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Mark Jones

French medallist, engraver and illustrator. He was first apprenticed to the medallist André Lavau (d 1808) and then attended the Académie de Peinture et de Sculpture in Bordeaux. In 1786 he travelled to Paris and entered the workshop of Nicolas-Marie Gatteaux. His first great success was a large, realistic and highly detailed medal representing the ...

Article

Philip Ward-Jackson

English sculptor, silversmith and illustrator. He was the son of a chaser and attended the Royal Academy Schools, London. At first he gave his attention equally to silverwork and to sculpture, exhibiting at the Royal Academy from 1851. An early bronze, St Michael and the Serpent...

Article

Michèle Lavallée

Decorative style of the late 19th century and the early 20th that flourished principally in Europe and the USA. Although it influenced painting and sculpture, its chief manifestations were in architecture and the decorative and graphic arts, the aspects on which this survey concentrates. It is characterized by sinuous, asymmetrical lines based on organic forms; in a broader sense it encompasses the geometrical and more abstract patterns and rhythms that were evolved as part of the general reaction to 19th-century historicism. There are wide variations in the style according to where it appeared and the materials that were employed....

Article

Philip Attwood

German painter, medallist, designer and illustrator. He trained as a painter in the Munich Akademie from 1884, and initially won fame in this art with large decorative schemes on mythological or religious themes (e.g. Bacchanal, c. 1888; Munich, Villa Schülein) and portraits painted in a broad, realistic manner (e.g. ...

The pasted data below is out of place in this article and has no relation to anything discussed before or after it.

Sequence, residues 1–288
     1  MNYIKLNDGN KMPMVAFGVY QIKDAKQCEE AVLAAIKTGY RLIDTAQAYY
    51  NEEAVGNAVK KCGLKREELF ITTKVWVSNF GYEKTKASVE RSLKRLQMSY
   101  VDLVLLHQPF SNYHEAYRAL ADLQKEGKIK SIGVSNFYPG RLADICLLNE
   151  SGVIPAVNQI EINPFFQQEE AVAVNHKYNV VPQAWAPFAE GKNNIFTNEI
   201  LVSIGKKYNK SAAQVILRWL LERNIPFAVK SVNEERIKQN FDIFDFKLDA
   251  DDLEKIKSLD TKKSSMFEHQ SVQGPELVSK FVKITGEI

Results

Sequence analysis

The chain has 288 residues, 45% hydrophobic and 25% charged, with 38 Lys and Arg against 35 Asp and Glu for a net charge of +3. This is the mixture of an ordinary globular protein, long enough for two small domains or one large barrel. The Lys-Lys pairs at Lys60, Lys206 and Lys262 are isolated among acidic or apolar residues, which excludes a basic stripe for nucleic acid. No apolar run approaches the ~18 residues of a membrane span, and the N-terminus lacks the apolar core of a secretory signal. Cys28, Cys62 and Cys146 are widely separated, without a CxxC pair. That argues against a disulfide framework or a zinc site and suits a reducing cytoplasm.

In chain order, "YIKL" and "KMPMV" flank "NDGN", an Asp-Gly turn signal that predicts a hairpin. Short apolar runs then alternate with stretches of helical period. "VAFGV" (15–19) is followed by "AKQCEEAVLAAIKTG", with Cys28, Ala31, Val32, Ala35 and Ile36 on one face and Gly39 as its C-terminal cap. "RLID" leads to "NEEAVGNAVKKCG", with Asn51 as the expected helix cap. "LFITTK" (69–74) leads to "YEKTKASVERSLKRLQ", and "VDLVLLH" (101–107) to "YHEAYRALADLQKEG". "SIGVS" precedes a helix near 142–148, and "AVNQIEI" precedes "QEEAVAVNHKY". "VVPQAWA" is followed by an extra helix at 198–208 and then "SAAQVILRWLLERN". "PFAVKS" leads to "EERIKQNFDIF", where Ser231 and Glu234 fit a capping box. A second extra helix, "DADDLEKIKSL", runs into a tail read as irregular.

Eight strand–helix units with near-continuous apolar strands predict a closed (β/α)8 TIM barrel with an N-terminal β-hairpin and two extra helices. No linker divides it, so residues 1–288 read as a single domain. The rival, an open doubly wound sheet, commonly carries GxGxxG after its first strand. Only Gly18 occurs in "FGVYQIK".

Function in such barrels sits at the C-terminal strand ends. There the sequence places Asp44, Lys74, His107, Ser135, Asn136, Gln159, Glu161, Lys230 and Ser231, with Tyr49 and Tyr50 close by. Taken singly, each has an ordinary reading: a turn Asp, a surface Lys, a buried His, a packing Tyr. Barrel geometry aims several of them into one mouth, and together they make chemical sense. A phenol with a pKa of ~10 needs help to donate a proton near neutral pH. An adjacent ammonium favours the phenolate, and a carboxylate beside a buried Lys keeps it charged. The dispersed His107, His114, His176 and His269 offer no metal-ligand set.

Article

German goldsmith, engraver and draughtsman. Probably from a long-established Warburg family of freemen, he is first fully named in 1578, in an engraving that shows his connections with scholars as an illustrator of academic works. One of these was Michele Mercati, for whom Eisenhoit worked during a stay in Rome ...

Article

French, 20th century, male.

Born 1905, in Paris; died 12 November 2000, in Paris.

Painter, engraver, illustrator, designer, medallist, graphic designer.

Raymond Gid designed his first posters in 1925, including Tennis Internationals (1925), Musée de l'Homme, Paris (1931) and the review ...

Article

Tadeusz Chrzanowski

Polish painter, illustrator, metalworker, designer and writer. From 1924 to 1929 he studied at the Warsaw School of Fine Arts, where he was later an assistant professor (1927–30, 1933–5). From 1929 to 1930 he studied in France. He exhibited his works from 1928...

Article

Austrian, 20th century, female.

Active in Belgium.

Born 1917, in Vienna.

Designer, illustrator, graphic designer, scenographer. Stage costumes and sets, wall decorations, medals, postage stamps.

From 1932 to 1939 May Néama was a pupil at the studios for publicity and décor of the theatre of the Instituut voor Sierkunsten en Ambachten in Antwerp, where she taught between ...

Article

British, 20th century, male.

Born 22 March 1875, in London; died 1963.

Painter, illustrator, poster artist, decorative artist. Cityscapes, architectural views, scenes with figures.

Fred Taylor studied at the Académie Julian in Paris and Goldsmiths College in London. He became one of Britain's foremost poster artists and received regular commissions from London Transport, LNER and shipping companies from the turn of the century until the 1940s. He also worked as an illustrator and decorative artist, notably designing decorative schemes for the former Underwriter's Room at Lloyds of London, and murals for Austin Reed's red laquer room in ...

Article

Shearer West

English draughtsman, illustrator and painter. In 1735 he was apprenticed to a goldsmith; he studied at the St Martin’s Lane Academy, London, where he was influenced by Gravelot. He worked briefly as a decorative painter in partnership with Francis Hayman, presenting topographical roundels of Christ’s Hospital...